Recommendation media is the new standard for content distribution. Here’s why friend graphs can‘t compete in an algorithmic world.
Meta, the company behind Facebook, recently announced a shift towards an algorithmic, recommendation-based model for content distribution on the Facebook newsfeed.
This is a significant change that marks the end of social media as we've known it.
There has been backlash, with influencers like Kylie Jenner expressing displeasure with Instagram's prioritization of recommended videos over content from friends.
Instagram's CEO, Adam Mosseri, acknowledged the need for change in a video discussing the platform's plans for the future.
This shift towards algorithmic feeds is in line with popular platforms like TikTok and YouTube, which prioritize carefully curated, algorithmic experiences.
Unlike social media, which relies on a user's social graph for content distribution, recommendation media focuses on delivering the best content to each individual.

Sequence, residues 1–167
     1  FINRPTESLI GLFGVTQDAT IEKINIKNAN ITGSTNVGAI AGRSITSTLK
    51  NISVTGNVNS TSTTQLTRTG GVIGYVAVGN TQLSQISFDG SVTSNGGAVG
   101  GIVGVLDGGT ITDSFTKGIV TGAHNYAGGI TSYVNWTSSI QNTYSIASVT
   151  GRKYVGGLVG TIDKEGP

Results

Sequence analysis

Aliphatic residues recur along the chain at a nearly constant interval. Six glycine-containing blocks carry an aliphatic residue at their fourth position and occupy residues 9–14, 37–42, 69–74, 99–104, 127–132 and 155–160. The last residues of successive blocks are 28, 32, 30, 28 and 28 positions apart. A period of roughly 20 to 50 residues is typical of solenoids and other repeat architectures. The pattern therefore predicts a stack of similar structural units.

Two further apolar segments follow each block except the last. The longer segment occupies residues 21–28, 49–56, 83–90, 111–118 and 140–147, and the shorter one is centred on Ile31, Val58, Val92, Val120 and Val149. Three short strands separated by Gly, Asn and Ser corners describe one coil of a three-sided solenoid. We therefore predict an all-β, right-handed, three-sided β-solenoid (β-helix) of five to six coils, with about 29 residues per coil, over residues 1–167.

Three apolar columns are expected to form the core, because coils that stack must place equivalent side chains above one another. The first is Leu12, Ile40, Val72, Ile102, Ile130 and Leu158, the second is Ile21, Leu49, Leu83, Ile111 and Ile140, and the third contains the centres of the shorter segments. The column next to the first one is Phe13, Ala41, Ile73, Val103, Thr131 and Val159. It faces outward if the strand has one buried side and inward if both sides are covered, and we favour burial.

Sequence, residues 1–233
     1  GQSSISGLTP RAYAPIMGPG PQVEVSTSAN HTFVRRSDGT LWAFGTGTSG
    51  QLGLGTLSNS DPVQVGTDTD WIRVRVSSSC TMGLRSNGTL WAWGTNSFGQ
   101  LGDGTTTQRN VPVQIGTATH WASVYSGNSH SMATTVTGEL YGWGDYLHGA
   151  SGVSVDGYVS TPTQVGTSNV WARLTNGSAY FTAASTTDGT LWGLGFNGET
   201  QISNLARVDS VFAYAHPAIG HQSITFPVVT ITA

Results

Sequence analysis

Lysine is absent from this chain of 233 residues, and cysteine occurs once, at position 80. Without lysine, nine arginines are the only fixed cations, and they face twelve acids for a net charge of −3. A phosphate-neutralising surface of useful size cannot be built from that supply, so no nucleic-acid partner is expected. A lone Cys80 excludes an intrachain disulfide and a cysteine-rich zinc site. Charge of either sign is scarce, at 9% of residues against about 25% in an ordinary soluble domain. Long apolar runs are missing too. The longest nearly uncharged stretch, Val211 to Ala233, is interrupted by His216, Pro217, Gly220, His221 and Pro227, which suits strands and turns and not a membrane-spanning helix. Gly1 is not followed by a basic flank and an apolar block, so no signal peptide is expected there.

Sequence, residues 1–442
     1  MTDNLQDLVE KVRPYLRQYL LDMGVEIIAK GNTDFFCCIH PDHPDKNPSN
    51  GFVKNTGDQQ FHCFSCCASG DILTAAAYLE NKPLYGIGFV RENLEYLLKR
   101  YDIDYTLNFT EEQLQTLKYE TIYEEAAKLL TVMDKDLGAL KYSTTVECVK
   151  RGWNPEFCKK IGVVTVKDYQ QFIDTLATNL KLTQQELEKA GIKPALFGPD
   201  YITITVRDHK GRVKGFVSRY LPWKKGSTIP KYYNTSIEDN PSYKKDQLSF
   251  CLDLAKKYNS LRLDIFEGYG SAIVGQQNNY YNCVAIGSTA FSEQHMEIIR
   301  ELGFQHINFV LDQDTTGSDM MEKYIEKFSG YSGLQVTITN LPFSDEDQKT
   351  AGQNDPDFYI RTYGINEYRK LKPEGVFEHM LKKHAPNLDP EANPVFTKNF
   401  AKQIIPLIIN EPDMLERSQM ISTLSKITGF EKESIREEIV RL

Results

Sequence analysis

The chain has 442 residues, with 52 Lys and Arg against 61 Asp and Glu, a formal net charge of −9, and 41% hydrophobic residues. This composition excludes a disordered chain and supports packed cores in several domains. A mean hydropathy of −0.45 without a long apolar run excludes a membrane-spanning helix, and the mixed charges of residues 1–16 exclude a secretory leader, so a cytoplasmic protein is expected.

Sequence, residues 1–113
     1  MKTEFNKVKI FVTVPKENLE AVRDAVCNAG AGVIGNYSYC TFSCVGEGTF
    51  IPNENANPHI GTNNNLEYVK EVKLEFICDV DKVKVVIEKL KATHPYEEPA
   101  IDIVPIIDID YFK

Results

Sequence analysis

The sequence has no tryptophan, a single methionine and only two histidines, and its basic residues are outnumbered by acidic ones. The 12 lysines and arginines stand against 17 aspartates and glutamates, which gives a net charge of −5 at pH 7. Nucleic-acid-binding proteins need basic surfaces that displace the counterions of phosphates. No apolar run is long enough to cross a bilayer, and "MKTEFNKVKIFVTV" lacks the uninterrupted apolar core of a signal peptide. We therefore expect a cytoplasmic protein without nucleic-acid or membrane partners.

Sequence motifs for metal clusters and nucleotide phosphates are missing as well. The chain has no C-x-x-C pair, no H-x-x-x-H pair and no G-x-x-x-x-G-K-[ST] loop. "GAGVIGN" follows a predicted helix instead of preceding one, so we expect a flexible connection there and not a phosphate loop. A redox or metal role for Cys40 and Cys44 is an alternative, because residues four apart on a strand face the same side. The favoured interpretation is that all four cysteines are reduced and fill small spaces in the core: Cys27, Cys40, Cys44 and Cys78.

This change has its advantages, such as reducing the spread of problematic content and creating a more efficient consumption experience.
But it also raises concerns about echo chambers and the control platforms have over content distribution.
Furthermore, it incentivizes creators to seek engagement on other platforms, driving growth for those platforms.
The rise of recommendation media also challenges the defensibility of social networks, as the underlying data that powers them, the social graph, has become commoditized.
Moving forward, it's possible that professional media platforms like Netflix may adopt recommendation media strategies, while also exploring AI-generated media to create more tailored content.
Overall, recommendation media is here to stay, and our consumption behaviors will continue to evolve as platforms gain more control over the content we see.
The future of social media remains uncertain, but it presents an opportunity for challengers to take a contrarian approach and reinvent the concept.